Wednesday, 7 May 2014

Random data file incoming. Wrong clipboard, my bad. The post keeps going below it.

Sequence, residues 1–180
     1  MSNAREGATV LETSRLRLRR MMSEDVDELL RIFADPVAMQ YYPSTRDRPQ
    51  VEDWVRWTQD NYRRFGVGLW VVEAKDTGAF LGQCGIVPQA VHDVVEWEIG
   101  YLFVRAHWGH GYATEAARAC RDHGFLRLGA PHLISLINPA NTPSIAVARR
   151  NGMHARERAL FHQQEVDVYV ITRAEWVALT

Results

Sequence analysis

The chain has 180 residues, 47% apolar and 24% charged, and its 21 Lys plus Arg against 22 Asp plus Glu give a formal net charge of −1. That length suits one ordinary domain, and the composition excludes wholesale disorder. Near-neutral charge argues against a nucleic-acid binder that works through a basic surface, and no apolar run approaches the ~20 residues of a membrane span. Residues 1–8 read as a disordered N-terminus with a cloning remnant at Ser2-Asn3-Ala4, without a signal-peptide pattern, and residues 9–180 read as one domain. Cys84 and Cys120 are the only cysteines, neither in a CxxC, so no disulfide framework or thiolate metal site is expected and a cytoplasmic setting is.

My grandfather was the most elegant man I ever met. He was not conventionally handsome but he truly believed in ‘dress to impress’ and he was impressive. All of his suits were bespoke and he only wore French cuff shirts. Every day. Dressing down for him meant not wearing a tie and a cashmere cardigan instead of a suit jacket and Keds or Converse One Stars (this was the era of Air Jordans that he found unrecognizable as tennis shoes) instead of his leather wing tips. I can see him now in linen suit pants and the finest cotton French cuff shirt with cufflinks wandering around outside in Indiana August heat with a bucket of varnish and a brush doing touch up maintenance to our log cabin. In the 1960’s he converted his bedroom’s sleeping porch into an enormous walk-in closet to hold all of his beautiful suits. After he passed away my grandmother refused to let any of us clean out his closet or donate his clothes. She claimed she didn’t need the space, or wasn’t ready to, or that if one of us did it we might throw out something important. So it remained untouched. As the years passed she became nervous about throwing away mail so into the floor space of grandpa’s closet it went until it was waist high. Despite a marathon clean out session once when she was at a doctor’s appointment the floor was again covered in a matter of months. We gave up on that closet and the door was closed almost like it never existed. When the time finally came it took me over a week solid to go through his closet. So many tiny scraps of paper. I did find treasures. They would surface as if by clockwork always at the point where after hours of receipts and old newspaper clippings I was on the verge of chucking everything into the recycling bin sight unseen. It was days before the floor area was clear enough to open the cupboard doors and drawers. I had such a clear memory of his beautiful clothes and anticipated finding a treasure trove of the finest vintage men's shoes. Instead I was greeted by what happens if a closet door remains unopened for 16 years. Everything was ruined. All those beautiful shoes playing host to mildew and mold. Old stains surfacing on the suits and rotting silk ties. It seemed an unfitting end for such a carefully collected wardrobe. It was the shoes though that really got me. Beautiful leather molds to the shape of the foot and the heels were worn just so. It reminded me of his very particular reverse pigeon-toed walk. I could picture him striding out of his office in Santa Monica or in the Kenyan bush –both times wearing cuff-links. I looked at those once beautiful shoes and thought about how unusual that the most elegant, most continental man I had ever known could have been born on a farm so rural that he never was given a birth certificate. His story and life trajectory all symbolized by the moldy shoes I held in my hands seemed so very American and yet sadly seemingly belonging to a now vanished America. I wondered if today all of those strangers would take a chance on a well presented, personable, smart but wholly inexperienced and undereducated young man with a great idea? I put the shoes down and took a photograph as a souvenir of my favorite pair and then placed them in the black plastic Hefty trash bag with the rest of the elegant man’s once beautiful wardrobe.